The Town of Ossining, New York is located in Westchester County and is comprised of the Village of Ossining, a majority of the Village of Briarcliff Manor, and an unincorporated area. The entire town is 11.5 square miles including waterfront property in area with a population of 38,257 people, according to the 2017 American Community Survey. The Unincorporated Town of Ossining is approximately 3.1 square miles with a population of 5,007. The Town of Ossining adopted its latest comprehensive plan in 2002, with updates in 2015 and only includes the unincorporated area of the Town. The updates in 2015 primarily addressed the “Vision Plan” section without updates to the base information. Recommendations made in the 2015 update were implemented in recent years, specifically, regarding updates to the Town’s environmental codes and zoning codes. Although some recommendations from the 2002 Comprehensive Plan remain somewhat relevant today, the Town Board recognizes the need to collect updated base information and revisit the recommendations to remain current with the trends in the Town of Ossining today. The Town of Ossining will submit for Climate Smart Communities Certification under the following Pledge Element 6 actions: Comprehensive Plan with Sustainability Elements and Planning and Infrastructure for Bicycling and Walking. The Town of Ossining is working with Pace University Land Use Law Center and Westchester County on this project. This project has been funded in part by the Climate Smart Community Grant Program, Title 15 of the Environmental Protection Fund through the New York State Department of Environmental Conservation, under contract #C00774 “Town of Ossining Climate Smart Communities Certification.”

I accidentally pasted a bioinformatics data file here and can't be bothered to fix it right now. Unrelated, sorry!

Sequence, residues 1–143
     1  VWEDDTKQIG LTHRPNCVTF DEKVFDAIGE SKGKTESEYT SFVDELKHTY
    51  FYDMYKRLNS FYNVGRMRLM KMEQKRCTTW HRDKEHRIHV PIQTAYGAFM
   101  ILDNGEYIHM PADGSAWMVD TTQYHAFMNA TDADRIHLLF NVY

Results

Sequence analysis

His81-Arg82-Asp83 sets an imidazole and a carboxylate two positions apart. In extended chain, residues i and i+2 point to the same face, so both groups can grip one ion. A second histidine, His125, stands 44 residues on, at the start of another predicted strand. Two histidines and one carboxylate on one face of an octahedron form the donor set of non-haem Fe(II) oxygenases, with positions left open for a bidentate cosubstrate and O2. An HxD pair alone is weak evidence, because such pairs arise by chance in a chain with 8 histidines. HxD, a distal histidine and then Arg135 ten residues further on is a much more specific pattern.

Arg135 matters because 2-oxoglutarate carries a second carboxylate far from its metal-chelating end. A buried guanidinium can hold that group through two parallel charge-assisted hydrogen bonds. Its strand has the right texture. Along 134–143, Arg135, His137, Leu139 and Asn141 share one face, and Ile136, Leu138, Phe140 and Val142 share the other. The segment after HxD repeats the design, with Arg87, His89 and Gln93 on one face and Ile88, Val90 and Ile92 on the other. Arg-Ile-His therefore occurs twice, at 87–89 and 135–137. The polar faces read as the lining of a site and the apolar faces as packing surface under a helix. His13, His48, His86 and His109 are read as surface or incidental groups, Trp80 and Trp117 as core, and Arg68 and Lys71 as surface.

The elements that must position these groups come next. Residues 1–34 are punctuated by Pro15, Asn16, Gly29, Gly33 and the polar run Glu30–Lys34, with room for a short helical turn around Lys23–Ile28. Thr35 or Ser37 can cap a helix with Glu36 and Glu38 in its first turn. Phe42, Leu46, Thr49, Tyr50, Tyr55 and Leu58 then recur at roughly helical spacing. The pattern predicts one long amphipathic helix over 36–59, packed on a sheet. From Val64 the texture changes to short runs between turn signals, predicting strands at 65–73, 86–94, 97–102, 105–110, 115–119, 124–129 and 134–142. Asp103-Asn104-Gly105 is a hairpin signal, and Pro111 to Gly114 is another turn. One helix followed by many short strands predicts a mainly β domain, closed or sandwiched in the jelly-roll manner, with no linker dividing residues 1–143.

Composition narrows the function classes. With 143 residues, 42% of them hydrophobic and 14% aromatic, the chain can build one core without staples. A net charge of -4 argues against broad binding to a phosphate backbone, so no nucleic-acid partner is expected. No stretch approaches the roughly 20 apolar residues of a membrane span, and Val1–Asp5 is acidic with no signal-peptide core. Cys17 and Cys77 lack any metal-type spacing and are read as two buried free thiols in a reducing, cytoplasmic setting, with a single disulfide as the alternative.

PROPOSAL ARE DUE ON JUNE 12, 2020 by 4:00PM (ET).
PRE-BID/ PROPOSAL CONFERENCE: Tuesday, March 17, 2020 @ 10:00 AM (ET) MANDATORY: No
LOCATION: Department of Administration (Powers Building), One Capitol Hill, Providence, RI – 2nd Floor, Conference Room “A”. Following conference there will be a site visit of the project location (85 Parade St., Providence RI) 3/17/2020 @ 1:00 PM (ET). For vendors convenience a second project site visit will be held Monday, 3/24/2020 @ 10:00 AM. Interested parties please report directly to 85 Parade St. Providence, RI. Questions concerning this solicitation must be received by the Division of Purchases at email@example.com no later than May 15, 2020 @ 11:00AM (ET).
The Norwalk Redevelopment Agency is soliciting responses from qualified and experienced firms or teams (hereto referred to as consultants) that have successfully performed services relevant to tasks outlined in the attached Scope of Services (Schedule A). The intent of this RFQ is to solicit sealed responses for on-call assistance for Norwalk Redevelopment Agency projects in the areas of site planning, design and engineering. Consultants selected through this RFQ process will qualify to be retained on an on-call basis by the Norwalk Redevelopment Agency.